Source|Contributor, Malte Luk
Each DIY maintenance task you undertake yourself will add up over time – especially with tasks you need to do on a regular basis – like oil changes. You don't have to be a master tech or have a garage full of tools to start the process.
When you go to a mechanic, you're paying for labor as well as parts. This makes sense, a professional needs to have his or her time covered. Shops typically use a rate chart to determine how many hours a typical car repair or maintenance project takes. Shops pay wholesale prices for parts and sell them to you at retail rates — which may be more than what you pay at your local Advance Auto Parts store — this gives you another opportunity to save.
While it's always recommended you take your vehicle to a professional when you need to, there's nothing wrong with getting your hands dirty on some of these DIY car maintenance tasks.
The prices below assume the local shop is charging somewhere between $75 and $130 per hour as a labor rate. Cost savings estimates come courtesy of RepairPal. There are several simple car repairs you can do yourself and save some cash, including the list below.
Change Your Air Filter
Changing an air filter is one of the simplest DIY car projects because it doesn't require any tools (most of the time, at least). Pop the hood and look for a circular or rectangular object on top of the engine, usually right in the middle. A wingnut or set of clips usually holds the top on. Spin the nut off or detach the clips, remove the top and there's the air filter. Buy a replacement filter at your local Advance Auto Parts store, put it back in the housing, put the top back on, and retighten whatever is holding it on.
Cost Savings: $27-$34
Change Your Wiper Blades
Source| Contributor, Matheus Bertelli
Here's another car fix that usually doesn't require tools. Wiper blades come in many different sizes and configurations that match the car's make, model, and year. Advance Auto Parts has an online tool to figure out what you need to make this repair for cars. New blades typically slide into place using bayonet-style clips that can be compressed with your fingers.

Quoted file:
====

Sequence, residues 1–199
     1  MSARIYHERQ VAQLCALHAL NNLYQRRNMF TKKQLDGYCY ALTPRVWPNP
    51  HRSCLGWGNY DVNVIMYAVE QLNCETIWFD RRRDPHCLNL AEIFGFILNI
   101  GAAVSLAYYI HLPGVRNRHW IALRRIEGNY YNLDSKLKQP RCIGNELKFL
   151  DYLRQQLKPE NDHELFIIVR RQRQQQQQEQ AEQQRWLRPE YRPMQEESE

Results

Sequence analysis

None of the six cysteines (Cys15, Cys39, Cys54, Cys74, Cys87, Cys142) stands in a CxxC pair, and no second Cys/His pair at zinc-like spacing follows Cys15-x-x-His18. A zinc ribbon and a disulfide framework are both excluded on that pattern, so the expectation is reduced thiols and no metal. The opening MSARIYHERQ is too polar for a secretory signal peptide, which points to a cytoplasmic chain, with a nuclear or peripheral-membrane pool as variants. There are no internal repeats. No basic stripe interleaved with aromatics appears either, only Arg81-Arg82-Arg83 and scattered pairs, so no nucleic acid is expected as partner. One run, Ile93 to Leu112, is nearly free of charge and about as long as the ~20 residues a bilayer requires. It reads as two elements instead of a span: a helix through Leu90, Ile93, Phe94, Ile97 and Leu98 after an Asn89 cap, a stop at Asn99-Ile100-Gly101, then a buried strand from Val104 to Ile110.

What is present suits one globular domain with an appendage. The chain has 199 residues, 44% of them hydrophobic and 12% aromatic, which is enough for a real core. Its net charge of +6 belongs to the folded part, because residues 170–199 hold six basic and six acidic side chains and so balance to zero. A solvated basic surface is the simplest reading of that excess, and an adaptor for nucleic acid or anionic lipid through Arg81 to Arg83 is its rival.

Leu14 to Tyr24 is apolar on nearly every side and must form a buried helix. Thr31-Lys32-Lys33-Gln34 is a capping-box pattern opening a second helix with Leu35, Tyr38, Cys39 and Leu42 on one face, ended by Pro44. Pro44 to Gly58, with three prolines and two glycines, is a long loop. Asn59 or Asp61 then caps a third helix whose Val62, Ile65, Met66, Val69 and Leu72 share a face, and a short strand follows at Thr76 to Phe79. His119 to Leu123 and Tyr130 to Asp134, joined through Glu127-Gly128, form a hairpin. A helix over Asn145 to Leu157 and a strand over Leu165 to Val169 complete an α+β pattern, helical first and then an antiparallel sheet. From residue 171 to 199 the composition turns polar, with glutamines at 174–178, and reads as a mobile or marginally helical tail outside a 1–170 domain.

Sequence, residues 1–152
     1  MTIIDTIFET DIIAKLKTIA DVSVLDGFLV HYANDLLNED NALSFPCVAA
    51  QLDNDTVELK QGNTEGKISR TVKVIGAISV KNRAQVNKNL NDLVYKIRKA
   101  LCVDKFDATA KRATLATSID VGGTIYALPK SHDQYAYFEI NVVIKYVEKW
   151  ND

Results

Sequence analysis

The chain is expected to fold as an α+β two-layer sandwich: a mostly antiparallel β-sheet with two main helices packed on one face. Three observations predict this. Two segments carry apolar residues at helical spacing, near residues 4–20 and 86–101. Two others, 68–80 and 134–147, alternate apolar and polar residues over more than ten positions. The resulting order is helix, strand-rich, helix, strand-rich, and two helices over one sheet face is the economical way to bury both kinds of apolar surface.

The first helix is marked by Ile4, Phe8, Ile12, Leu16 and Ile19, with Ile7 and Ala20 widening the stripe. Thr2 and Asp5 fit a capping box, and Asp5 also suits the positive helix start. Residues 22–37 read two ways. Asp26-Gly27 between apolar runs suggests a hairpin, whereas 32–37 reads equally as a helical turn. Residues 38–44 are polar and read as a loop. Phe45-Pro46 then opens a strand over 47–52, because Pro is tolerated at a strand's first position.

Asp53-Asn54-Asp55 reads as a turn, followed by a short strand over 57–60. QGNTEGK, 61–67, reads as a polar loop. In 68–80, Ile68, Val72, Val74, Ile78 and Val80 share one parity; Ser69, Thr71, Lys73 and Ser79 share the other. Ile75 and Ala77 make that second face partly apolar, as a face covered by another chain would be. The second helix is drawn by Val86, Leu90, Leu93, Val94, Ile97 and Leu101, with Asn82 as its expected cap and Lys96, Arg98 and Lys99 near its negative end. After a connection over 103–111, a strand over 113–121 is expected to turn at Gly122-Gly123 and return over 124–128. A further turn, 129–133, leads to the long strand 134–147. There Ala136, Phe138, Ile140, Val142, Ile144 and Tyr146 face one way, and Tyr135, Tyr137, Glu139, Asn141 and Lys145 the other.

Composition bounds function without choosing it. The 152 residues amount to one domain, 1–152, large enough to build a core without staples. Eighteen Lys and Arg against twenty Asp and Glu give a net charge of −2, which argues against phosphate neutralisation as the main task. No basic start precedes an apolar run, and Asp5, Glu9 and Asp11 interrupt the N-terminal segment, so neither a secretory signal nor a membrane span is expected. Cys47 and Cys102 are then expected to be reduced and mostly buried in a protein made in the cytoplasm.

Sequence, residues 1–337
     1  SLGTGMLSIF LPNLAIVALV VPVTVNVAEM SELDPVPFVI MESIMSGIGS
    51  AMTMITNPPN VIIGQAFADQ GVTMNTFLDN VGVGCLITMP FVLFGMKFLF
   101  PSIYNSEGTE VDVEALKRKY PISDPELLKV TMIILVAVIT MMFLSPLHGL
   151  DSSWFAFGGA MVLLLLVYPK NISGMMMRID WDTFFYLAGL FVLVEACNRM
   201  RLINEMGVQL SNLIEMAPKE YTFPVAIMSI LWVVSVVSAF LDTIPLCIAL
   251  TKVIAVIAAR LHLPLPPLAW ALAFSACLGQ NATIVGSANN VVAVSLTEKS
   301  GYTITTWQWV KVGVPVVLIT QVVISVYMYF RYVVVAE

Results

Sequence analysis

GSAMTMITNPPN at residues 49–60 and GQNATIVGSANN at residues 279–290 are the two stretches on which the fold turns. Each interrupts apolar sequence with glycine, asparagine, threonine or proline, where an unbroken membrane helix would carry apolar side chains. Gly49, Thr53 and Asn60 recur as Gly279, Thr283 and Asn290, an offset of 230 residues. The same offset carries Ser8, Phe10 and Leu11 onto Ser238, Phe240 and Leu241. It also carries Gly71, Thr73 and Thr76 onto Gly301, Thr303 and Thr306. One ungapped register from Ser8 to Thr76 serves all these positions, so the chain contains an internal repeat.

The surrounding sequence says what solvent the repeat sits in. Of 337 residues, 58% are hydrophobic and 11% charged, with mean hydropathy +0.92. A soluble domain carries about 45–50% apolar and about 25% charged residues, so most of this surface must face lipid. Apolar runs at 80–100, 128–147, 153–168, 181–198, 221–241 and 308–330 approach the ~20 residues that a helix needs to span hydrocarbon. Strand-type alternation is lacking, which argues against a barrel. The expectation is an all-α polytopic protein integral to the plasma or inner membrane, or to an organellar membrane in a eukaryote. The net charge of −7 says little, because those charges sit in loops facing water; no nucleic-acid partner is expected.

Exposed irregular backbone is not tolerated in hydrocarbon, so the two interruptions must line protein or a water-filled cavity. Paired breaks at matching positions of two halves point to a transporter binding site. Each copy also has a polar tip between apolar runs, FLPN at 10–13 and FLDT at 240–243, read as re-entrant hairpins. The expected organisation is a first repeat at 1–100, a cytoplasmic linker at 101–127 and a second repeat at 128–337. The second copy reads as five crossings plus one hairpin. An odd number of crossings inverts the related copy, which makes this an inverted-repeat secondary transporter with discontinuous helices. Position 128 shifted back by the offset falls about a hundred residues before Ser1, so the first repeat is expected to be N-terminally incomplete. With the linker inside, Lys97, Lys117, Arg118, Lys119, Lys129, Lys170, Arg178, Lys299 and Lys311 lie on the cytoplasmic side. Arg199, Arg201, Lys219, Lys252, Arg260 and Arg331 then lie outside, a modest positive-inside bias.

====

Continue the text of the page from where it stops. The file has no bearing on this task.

It's best to follow the directions on the package. It's often as simple as sliding the old blades out, then sliding the new ones in. At Advance Auto Parts, our team members will remove and replace your wiper blades when you purchase a new pair, at no charge.
Cost Savings: $25-$32
Change Your Oil
This do-it-yourself repair requires a wrench to remove the drain plug in the crankcase and if you are changing the oil filter, an oil filter wrench. Both these tools are available at your local Advance Auto Parts store. You'll also need a drip pan to catch any used oil.
Pro Tip: Oil flows better when it's warm but don't do this when the engine is hot or running.
Position the drip pan, remove the oil plug from the crankcase by unscrewing it and allow the oil to drain. Use the oil filter wrench to twist off the filter. Once all the used oil is out, replace the filter with the new one, replace the drain plug and refill with new oil. Use your owner's manual to select the right type of oil, correct viscosity, and the proper quantity.
Cost Savings: $41-$52
Change Your Headlights
Source| Contributor, Quintin Gellar
Headlight lenses are prone to yellowing, clouding, cracking, and eventually failing. Changing them out often requires no tools as the newer model cars use replaceable bulbs that twist out. Headlight lens yellowing and clouding can be reversed/restored with the use of a Headlight Restoration kit.
Older cars, however, use a sealed unit that includes a filament inside the lens. Consult the Advance Auto Parts website by typing in your make, model, and year of vehicle to find the right part and replace it as per the instructions. If one light has failed, It's usually smart and advisable to replace both at the same time as the next one usually fails around the same time.
Cost Savings: $43-$54
Replace the Battery
Pro Tip: Batteries are sold by ratings of how big an engine they will start and how long they will last — look out for this when shopping for a replacement.
If an engine doesn't turn over, the battery is the likely culprit. Once the correct size and desired lifetime have been decided, use a wrench to loosen the negative (black) cable clamp first and then the positive (red) cable. Lift the old battery out and put the new battery in, connect the positive cable clamp, tighten, then do the same with the negative.
You can take your old battery to your local Advance Auto Parts store where it'll be recycled properly for you. One of AAP's FREE SERVICES is Battery testing & installation. **Installation requires a purchase of a battery
Cost Savings: $37-$47
Car repairs you can do yourself can save you money, teach you about how the car works and give you the personal satisfaction of doing a job correctly. Advance Auto Parts is committed to DIY culture and stands ready as your own personal automotive experts and parts counter.
What kind of DIY project will you try next? Let us know in the comments.